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OFG to present at Underwater Mining Conference 2016 October 9th-13th

Matthew Kowalczyk, Eng., CEO of Ocean Floor Geophysics will be presenting at UMC 2016 being held in Incheon, Korea from October 9th through 13th, 2016.

A Self-Compensating Magnetometer (SCM) System for High-Resolution Mapping on AUVs Matthew Kowalczyk, Ocean Floor Geophysics, Canada

Initial Tests of an AUV-borne Controlled Source Electromagnetic (CSEM) System Matthew Kowalczyk, Ocean Floor Geophysics, Canada; Scripps Institution of Oceanography and Fukada Salvage and Marine Works Co. Ltd.

More information on the conference can be found at the website

A Self-Compensating Magnetometer (SCM) System for High-Resolution Mapping on AUVs

Ocean Floor Geophysics Inc.

In June this year OFG released a new Self-Compensating Magnetometer (SCM) system, designed specifically for AUVs, to the subsea industry. In 2014, Ocean Floor Geophysics developed a method to compensate raw survey magnetic data collected inside an the AUV using data collected during a calibration maneuver prior to the survey. Correction coefficients were calculated from the calibration maneuver data to account for the magnetization of the AUV itself, its motion through the Earth’s magnetic field, and for variable currents related to the AUV’s propulsion and maneuvering. The process was not automatic and required operator supervision at all stages.

This has led to the further development to the only Self-Compensating Magnetometer (SCM) system on the market. The system is a combination subsea magnetometer sensor (up to 6000m rated), a processor/data logger, mechanical calibration procedure, and a proprietary software algorithm that computes a series of correction coefficients and applies them to calculate compensated and corrected magnetic data in real time.

Potential high-resolution mapping applications for this system that require the use of AUVs include geologic mapping, engineering applications for pipeline and cable mapping and tracking, mine countermeasures, mapping of unexploded ordinance (UXO), and archeological applications for mapping ship wrecks. Examples of maps of the compensated magnetic data that were collected on surveys for some of these various applications will be shown.

Initial tests of an AUV-borne controlled source electromagnetic (CSEM) system

Ocean Floor Geophysics Inc.

Scripps Institution of Oceanography

Fukada Salvage and Marine Works Co. Ltd.

Controlled source electromagnetic systems (CSEM) are used to map subsurface resistivity structure. In 2014 and 2015, OFG used a towed CSEM system developed by the Scripps Institution of Oceanography to map gas hydrate deposits to depths of several 100 metres below the seafloor. We would like to be able to perform CSEM surveys over submarine massive sulfide (SMS) deposits. However, towing the system at a constant depth in terrain with steep bathymetric gradients, such as in the vicinity of hydrothermal chimneys associated with SMS deposits, would prove difficult. Other difficulties with a towed system include requiring a large ship to deploy and power the system, and long, time consuming, turns for high resolution surveys with tight line spacing because the receivers extend well behind the ship.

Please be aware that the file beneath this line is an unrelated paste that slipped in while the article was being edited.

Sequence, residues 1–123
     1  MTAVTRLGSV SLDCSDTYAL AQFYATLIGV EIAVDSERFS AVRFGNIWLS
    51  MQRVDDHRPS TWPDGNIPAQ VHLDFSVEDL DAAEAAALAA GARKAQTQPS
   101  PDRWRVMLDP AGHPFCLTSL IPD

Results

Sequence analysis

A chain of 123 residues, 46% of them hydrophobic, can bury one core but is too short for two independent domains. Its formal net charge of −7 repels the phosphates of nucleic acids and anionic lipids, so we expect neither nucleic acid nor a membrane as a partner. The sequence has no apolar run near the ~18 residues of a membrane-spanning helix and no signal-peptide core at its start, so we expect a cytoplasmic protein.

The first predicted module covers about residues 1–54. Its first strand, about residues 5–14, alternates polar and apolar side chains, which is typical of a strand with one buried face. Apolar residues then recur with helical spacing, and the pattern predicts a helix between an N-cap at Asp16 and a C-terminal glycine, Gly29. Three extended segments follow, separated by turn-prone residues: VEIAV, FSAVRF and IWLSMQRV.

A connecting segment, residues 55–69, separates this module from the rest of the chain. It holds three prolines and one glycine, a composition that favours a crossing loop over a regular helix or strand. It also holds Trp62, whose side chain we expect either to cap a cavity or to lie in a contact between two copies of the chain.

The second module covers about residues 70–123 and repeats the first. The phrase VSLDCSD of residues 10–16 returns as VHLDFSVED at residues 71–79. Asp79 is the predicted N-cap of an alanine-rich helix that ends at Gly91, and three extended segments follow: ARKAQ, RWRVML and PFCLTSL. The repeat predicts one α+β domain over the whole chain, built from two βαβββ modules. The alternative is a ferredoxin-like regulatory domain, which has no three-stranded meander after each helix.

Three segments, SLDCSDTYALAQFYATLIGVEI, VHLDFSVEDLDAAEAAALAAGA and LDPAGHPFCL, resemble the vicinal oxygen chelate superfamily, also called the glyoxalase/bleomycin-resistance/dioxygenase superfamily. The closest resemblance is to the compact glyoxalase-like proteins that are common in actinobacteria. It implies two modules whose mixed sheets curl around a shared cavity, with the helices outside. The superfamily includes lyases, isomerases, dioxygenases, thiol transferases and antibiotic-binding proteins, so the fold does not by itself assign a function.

A novel approach to overcome these difficulties would be to mount electrodes on an AUV with the transmitter towed in the ocean by a ship or emplaced on the seafloor. It would require a smaller ship to launch an AUV than to launch and power a long source/receiver array, and the AUV is capable of tight turns, saving ship time when little useful data is collected. In addition to deployment considerations, the largest potential benefit is the ability to simultaneously collect high-resolution multibeam, sidescan, subbottom profiler, magnetometer, and chemical sensor data.

The largest uncertainty regarding an AUV-borne CSEM system is whether the signal (of the received electric field) to noise (related to the vehicle propulsion plus payload) ratio is sufficiently high. OFG, Scripps, and Fukada Salvage and Marine Works Co. Ltd. (Fukada) devised an experiment was to record the ambient electric field noise on CSEM electrodes mounted to an operating AUV graciously provided by Fukada. A series of tests were designed and run to investigate how the ambient noise levels on the electrodes changed with the vehicle operating while (1) turning off the payload devices one by one; (2) varying the heading of the vehicle; and (3) varying the speed of the vehicle. Data were analyzed together by OFG and Scripps and results are presented. As well, EM modelling results using these preliminary test results are presented here to show the sensitivity of the electric field response over typical massive sulfide deposits


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